Here’s the thing about my dad: so much of his past was rooted in hurt. How I wish I was more careful of that when I interacted with him, but in the moment, you’re too busy reacting and aggravating than you are protecting that other person, as we all should, and I didn’t. I wasn’t protecting my dad’s heart, because my dad, with his need to make things just so, and his fierce rules, and his giant, impromptu bear hugs, was all about protection himself. As a teenager, I wasn’t so much of a fan of this trait. As an adult–an adult who understands the stories behind the stories she tells her children–I get it. I finally get it, Dad.
Luca was a shelter dog when we adopted him. His original name was Chaos. I’d wanted to take home a sad little red-haired mutt named Lady, but David took one look at this Chaos–he alway wanted a husky, because apparently David really likes to vacuum dog hair–and knew he was our dog. “Chaos,” who didn’t pay one bit of attention to us when they let him out of the cage to roam a little. Chaos, who trotted off along that shelter fence, strong and independent. His name was CHAOS, for Pete’s sake. Who adopts a dog named Chaos? We later figured was supposed to be a part of some breeding operation, and was given up because he wouldn’t cooperate. Chaos.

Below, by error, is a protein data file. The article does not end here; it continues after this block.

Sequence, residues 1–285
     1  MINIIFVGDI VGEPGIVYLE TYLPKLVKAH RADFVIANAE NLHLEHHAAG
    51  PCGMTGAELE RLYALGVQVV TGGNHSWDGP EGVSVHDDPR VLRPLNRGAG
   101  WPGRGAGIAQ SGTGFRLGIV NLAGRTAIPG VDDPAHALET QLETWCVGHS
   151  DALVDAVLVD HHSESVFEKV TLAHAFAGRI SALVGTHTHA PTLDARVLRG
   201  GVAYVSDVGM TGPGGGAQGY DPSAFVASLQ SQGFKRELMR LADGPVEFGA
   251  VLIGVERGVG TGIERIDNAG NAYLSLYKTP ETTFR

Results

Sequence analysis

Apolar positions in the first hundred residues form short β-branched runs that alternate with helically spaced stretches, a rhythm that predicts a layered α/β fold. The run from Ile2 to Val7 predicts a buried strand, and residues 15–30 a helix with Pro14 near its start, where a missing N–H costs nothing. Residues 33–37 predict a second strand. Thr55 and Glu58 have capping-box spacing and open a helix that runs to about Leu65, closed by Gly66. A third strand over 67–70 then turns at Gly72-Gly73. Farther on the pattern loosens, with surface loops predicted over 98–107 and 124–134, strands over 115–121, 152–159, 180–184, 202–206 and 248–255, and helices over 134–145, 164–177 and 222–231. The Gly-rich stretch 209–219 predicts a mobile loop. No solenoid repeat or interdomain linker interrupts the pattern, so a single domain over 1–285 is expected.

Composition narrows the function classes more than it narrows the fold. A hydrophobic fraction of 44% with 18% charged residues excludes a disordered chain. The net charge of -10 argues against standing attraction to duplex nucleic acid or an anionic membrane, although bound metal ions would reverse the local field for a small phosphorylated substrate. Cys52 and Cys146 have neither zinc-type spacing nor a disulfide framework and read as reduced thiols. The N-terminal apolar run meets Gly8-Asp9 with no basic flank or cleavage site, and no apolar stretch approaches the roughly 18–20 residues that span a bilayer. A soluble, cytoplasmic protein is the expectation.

The dog that became Luca was one who wouldn’t sleep unless he was beside our bed. The one who jumped up on hind legs to give us hugs when we asked. The dog that allowed me to avoid being mugged at gunpoint one evening because he was at my heels. He, from the shady past, the one who was abandoned, is our protector yet, even in his last days. So much time has passed with him by our side.
Seven years. And so much time has passed without him.
We went to the memorial service for Christina yesterday. I don’t really know what to say, except…I don’t know. A friend of mine told me that her greatest fear is dying while her children are young. She said that she just can’t even let her mind go there, can’t bear to think about it. Sitting at that service yesterday? Well, the mind went there. It had to. This is a family’s reality. I can’t even.
Shawn, Christina’s husband, said that, a year ago, when Christina started radiation and had to stop nursing their son cold turkey, the 1-year-old gave up his naps. He started waking at 7:30 p.m, if I remember correctly, and doesn’t fall asleep until 9. And all I could think was, was he soaking up time with his mom? Is this how he adjusted to the difficulty in their family, even though he couldn’t understand it? Their son didn’t leave his dad’s arms the entire morning. Shawn said he’s been like that for the last couple of days. Tina died last Sunday.